The representatives, who met in Bonn, Germany for eight days, also explored how new technologies and assistance from the private sector could be used to help nations reduce greenhouse gas emissions, the AP reports.
"There is a strong sense of urgency and there's clear consensus that there should be no gap after 2012, when the first commitment period ends," said Michael Zammit Cutajar, who chaired the session, said in a statement.
"Developing countries, which will be hit hardest by climate change, are pushing for rapid agreement on deeper emission cuts," said Richard Kinley, the acting head of the U.N. Climate Change Secretariat, which hosted the talks.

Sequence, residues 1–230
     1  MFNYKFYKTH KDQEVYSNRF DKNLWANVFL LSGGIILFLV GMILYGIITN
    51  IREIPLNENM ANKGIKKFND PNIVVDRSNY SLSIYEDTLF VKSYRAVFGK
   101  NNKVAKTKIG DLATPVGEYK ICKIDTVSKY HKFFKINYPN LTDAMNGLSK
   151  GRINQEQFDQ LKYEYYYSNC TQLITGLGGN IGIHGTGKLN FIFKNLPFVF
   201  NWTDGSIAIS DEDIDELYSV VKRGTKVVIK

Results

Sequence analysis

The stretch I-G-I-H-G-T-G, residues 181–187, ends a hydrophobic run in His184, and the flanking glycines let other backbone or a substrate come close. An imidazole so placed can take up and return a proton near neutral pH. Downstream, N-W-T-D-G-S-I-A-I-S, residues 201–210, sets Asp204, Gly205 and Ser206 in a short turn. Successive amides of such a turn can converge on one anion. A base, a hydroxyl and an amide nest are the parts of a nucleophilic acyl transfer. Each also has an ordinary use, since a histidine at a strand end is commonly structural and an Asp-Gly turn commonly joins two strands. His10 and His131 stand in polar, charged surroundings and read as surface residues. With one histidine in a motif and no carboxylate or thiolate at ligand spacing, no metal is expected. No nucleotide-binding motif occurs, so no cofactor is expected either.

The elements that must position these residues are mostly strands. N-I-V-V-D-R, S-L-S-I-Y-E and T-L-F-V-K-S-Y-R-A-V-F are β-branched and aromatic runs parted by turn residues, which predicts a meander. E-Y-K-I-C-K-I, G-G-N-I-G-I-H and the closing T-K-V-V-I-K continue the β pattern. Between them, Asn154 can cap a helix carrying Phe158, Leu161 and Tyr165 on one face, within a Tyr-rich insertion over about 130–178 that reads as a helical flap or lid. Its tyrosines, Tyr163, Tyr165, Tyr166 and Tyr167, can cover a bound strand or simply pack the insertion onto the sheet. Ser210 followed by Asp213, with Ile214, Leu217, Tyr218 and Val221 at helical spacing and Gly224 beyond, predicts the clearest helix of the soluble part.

The Kyoto Protocol, which took effect in February 2004, mandates cutbacks in 35 industrialized nations of emissions of carbon dioxide and five other gases by 2012 in an effort to curb the effects of global warming. The U.S. has rejected the accord.
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Thousands of pages of secret military plans are to be offered for approval at the upcoming NATO summit in Vilnius